Aged Care Design in the new decade.
How Australian Aged Care facilities are adapting for the new decade.
We are entering a new decade, and the call is growing for the Australian Aged Care industry to transition into a brighter age. As society becomes increasingly more educated and aware of global and local social issues, communities demand higher standards of living, particularly for the most vulnerable members of society.
So how are our Aged Care facilities adapting and improving with the times?
Creating homes, not institutions.
Leaving one’s own home or retirement living unit to enter an Aged Care environment is never an easy decision, and one that is taking place later in life.
Recent data reveals that Australians are entering Aged Care at an older age, with the most common age group for people entering permanent residential care being 85–89 years, which highlights the high level of care required in these facilities.
Despite the rapid evolution of the Retirement Living industry – as evidenced by the creation of a Code of Conduct – and seen in retirement villages increasingly offering integrated social, safety and wellbeing comforts and amenities; the transition from such retirement homes to Aged Care facilities can still come with its challenges, as not all Aged Care facilities are prepared to appropriately respond to the demands of the modern, older residents.
Leading Aged Care facilities are addressing the challenges presented by our ageing, older population and easing the transition into Aged Care by replacing the old, clinical and institutionalised model of care for a modern, home-like environment.
Design, Personalisation and Technology come into play.
The modern Aged Care facility is consciously built around the resident’s wellbeing, personal needs and overall dignity, offering lifestyle amenities and comforts not previously seen in the industry.
At the core of the modern Aged Care facility is Interior Design, Personalisation and Technology.
When it comes to design, the application of informed, evidence-based design methods transcend aesthetic comforts and promote the overall safety and wellbeing of residents, families and staff. Residents suffering from dementia and other health challenges can be supported in an environment that has been purposefully designed to support such conditions. Specialised Interior Design can prevent incidents, improve socialisation, facilitate mobility and assist navigation, fostering independence.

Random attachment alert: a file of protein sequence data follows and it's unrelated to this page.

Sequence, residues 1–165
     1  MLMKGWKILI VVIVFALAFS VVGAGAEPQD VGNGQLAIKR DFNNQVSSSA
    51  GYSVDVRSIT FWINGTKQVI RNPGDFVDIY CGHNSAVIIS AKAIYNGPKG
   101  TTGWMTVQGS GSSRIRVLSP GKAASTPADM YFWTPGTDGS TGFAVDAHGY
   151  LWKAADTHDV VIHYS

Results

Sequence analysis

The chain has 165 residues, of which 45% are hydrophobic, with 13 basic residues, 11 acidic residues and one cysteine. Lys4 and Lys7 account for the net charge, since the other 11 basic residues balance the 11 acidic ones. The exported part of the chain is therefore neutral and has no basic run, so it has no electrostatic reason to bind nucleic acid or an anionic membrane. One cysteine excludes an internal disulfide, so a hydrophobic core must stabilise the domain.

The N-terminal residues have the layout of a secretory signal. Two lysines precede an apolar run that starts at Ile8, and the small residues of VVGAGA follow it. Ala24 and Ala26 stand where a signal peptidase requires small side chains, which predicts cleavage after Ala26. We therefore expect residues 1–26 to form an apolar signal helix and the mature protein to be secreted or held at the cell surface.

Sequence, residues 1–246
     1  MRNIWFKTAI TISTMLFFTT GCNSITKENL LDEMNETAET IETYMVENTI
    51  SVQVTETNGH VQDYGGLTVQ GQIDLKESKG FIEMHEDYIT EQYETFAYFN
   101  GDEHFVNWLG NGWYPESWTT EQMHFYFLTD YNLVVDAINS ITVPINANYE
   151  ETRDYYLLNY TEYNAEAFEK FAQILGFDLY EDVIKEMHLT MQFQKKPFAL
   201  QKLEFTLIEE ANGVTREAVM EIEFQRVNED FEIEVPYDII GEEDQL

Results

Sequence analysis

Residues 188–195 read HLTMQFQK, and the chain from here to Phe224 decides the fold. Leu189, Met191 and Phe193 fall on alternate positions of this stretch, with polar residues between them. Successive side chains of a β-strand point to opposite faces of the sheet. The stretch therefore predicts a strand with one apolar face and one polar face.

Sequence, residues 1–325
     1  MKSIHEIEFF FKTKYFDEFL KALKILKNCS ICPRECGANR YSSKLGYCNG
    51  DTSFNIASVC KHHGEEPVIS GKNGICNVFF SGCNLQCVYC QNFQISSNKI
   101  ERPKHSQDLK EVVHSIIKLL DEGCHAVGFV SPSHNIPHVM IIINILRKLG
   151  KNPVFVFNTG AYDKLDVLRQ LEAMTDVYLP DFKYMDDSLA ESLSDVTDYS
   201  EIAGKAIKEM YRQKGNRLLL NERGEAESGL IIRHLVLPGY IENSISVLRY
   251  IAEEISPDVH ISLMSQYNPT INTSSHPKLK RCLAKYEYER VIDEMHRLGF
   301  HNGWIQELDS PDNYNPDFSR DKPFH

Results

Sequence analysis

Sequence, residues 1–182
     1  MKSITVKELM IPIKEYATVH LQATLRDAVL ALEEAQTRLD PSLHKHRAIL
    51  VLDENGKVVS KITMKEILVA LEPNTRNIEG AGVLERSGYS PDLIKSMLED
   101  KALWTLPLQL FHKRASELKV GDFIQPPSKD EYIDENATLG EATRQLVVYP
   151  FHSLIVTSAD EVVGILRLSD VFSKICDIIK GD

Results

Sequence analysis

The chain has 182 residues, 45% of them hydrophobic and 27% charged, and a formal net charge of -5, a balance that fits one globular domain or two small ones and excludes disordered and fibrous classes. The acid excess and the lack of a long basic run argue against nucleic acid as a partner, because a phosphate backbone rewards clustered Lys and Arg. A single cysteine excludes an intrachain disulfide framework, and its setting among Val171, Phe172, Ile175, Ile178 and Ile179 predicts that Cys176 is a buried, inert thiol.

Personalised services are also paramount – even in the simplest things. In leading Aged Care facilities it’s the resident who decides what time they will have their meals, often choosing from a high quality, gourmet menu. A robust social calendar ensures residents can remain active and retain a sense of belonging in the community.
Technology is set to take a much more visible role in the provision of Aged Care services in Australia. Safety is ensured with the use of high-tech solutions such as sensor floors that unobtrusively notify staff of movements within suites, smart lighting that supports age related and cognitive decline in vision, variable colour, temperature and intensity in lighting to reinforce natural circadian rhythms, improving sleep patterns are only some of the solutions available in Aged Care today.
The clear need to rise above.
The 2019 Royal Commission Report was a wake up call for the industry, as it has highlighted some serious shortfalls in aged care, including heavy reliance on chemical restraints, underpaid and insufficiently trained staff, and disregard for the complaints of those receiving care. These issues can be attributed to outdated standards and inadequate funding models.
Implementing changes through the advancement of technology across the board, a focus on staff training and accountability, thoughtful design and prioritising the needs of the next generation of Aged Care residents can greatly propel the Aged Care industry into the new decade and address the issues brought forward in the Royal Commission Report.
The role that design, care and technology will play in creating safe and comfortable environments will not only answer to these challenges but allow Aged Care facilities to completely transform the industry and the care they are able to provide in the future.
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